, , , , | | Legal | May 25, 2018

I work third shift for a medium-sized hotel. Around three am, while doing security rounds, I find a guest room door open. From the doorway I can see one of the lamps and the phone are broken and strewn about the room, and there is no guest in the room.

The room also appears to have been ransacked, clothes and personal belongings thrown all over. I call the desk and have them call local police, and stand by until a officer arrives.

Ten minutes later the officer and I enter the room. He finds pills and marijuana on the table. While the officer is investigating, a guy eating a powdered doughnut and wearing nothing but underwear comes to the door. The officer asks him if he is the occupant of the room and the guy just grunts at the officer, enters the room, puts on a pair of pants, and crawls into the bed.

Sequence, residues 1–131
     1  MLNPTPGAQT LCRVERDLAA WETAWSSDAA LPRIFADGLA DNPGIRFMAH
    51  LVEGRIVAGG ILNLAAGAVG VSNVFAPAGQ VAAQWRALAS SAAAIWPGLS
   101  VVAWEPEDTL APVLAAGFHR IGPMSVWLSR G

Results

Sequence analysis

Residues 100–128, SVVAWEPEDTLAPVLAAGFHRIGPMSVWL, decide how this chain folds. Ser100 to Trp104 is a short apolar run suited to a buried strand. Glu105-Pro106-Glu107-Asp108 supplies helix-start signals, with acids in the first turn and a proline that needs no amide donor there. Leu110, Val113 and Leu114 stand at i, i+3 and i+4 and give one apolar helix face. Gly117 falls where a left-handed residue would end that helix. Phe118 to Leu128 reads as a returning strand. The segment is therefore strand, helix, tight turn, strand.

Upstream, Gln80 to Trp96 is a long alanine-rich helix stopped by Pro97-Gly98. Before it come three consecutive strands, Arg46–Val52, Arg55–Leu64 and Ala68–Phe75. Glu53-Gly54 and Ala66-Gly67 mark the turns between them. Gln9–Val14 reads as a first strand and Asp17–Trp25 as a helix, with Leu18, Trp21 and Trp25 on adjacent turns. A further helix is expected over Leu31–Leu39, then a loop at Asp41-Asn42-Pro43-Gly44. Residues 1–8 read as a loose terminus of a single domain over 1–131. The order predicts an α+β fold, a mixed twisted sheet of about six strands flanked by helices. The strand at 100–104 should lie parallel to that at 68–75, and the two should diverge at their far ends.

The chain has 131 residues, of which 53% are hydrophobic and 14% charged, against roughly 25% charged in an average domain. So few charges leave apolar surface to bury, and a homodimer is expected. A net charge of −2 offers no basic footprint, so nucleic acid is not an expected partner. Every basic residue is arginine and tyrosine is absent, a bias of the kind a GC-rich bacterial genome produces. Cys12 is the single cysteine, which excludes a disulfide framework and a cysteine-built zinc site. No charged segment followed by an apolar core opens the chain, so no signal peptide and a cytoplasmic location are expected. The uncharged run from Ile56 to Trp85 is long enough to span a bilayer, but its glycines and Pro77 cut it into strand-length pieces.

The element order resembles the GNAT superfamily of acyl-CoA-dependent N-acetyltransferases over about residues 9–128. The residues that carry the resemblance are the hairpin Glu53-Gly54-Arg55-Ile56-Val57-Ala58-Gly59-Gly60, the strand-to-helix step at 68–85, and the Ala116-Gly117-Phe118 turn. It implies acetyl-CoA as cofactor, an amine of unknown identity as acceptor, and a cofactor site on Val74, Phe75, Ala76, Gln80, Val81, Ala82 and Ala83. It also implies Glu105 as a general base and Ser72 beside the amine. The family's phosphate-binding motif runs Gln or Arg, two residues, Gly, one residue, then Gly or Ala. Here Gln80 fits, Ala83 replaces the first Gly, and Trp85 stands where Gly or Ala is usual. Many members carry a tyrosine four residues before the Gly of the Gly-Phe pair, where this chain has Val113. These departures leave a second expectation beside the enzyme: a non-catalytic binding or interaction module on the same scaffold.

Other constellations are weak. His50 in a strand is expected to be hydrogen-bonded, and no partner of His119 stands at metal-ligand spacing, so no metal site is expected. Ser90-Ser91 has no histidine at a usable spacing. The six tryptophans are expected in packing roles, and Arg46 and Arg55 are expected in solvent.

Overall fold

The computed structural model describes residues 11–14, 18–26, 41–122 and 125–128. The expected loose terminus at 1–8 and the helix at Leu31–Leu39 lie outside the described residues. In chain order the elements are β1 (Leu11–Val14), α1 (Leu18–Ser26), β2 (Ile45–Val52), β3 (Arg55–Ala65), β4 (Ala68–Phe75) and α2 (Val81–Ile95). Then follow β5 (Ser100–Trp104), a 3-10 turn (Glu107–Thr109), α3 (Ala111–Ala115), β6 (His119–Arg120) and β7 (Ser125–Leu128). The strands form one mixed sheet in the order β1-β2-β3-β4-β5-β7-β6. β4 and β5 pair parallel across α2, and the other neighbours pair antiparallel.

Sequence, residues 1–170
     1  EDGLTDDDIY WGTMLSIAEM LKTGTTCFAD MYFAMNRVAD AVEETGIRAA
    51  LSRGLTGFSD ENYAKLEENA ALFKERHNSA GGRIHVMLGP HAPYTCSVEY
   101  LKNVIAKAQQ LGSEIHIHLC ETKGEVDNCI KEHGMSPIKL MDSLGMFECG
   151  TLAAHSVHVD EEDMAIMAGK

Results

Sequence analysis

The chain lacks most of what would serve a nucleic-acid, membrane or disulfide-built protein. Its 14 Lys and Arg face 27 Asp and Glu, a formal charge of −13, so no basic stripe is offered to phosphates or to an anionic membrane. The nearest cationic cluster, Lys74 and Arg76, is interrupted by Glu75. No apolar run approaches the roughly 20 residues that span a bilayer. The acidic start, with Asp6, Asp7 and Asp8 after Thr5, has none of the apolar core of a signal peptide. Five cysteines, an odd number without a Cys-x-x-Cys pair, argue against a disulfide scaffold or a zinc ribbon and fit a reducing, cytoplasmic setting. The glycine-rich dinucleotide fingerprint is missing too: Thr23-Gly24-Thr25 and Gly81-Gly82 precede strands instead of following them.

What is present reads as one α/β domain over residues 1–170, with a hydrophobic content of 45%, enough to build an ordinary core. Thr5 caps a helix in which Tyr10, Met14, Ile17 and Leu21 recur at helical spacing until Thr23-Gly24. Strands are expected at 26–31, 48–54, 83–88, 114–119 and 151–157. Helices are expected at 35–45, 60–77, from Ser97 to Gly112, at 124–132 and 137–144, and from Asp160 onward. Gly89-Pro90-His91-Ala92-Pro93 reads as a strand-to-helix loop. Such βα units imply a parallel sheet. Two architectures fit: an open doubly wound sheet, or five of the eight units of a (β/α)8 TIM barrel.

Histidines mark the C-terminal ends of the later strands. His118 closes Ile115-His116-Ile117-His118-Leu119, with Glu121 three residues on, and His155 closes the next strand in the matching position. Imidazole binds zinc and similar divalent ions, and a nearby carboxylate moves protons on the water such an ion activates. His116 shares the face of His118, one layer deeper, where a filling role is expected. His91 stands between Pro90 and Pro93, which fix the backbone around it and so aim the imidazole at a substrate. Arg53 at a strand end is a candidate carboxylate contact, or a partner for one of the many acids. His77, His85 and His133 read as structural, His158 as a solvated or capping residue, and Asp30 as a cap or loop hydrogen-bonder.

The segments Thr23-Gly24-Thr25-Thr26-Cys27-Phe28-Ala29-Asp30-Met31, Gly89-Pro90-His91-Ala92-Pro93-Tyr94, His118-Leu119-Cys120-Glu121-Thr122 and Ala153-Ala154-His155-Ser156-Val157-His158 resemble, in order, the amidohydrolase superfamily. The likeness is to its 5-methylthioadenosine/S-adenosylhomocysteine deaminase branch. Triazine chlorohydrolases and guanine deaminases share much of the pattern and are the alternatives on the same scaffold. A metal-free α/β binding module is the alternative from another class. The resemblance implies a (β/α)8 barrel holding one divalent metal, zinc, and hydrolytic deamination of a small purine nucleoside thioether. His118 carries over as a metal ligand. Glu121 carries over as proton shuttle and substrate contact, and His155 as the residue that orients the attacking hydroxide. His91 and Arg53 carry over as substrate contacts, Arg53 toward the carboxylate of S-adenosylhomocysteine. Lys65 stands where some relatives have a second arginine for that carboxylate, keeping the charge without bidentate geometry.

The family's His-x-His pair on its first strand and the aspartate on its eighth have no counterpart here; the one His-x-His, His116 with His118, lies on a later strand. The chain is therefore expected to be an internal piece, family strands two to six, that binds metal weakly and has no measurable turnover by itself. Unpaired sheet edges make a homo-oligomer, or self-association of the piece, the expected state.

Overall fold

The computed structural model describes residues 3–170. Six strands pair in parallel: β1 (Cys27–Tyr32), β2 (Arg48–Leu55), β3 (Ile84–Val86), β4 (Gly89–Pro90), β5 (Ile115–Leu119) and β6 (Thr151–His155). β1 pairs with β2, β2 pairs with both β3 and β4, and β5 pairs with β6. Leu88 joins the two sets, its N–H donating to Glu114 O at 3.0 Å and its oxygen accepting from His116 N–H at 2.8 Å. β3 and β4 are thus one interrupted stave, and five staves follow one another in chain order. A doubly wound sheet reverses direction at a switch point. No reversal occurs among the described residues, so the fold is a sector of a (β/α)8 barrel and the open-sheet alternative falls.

He refuses to follow the officer’s directions and is detained. The guy starts yelling and swearing while in the meantime, a second officer arrives, as well as the guy’s girlfriend and father. The father explains that they are at the hotel for his daughter’s wedding and I need to make the officers go away.

After being screamed at that I am destroying his daughter’s wedding, he wants to know how much it is going to cost to get the officers to go away while pulling his wallet out. One of the officers informs him that what he is planning to do could land him right next to his son at the jail. The father then wants to speak to the general manager who I have already called and is on his way in.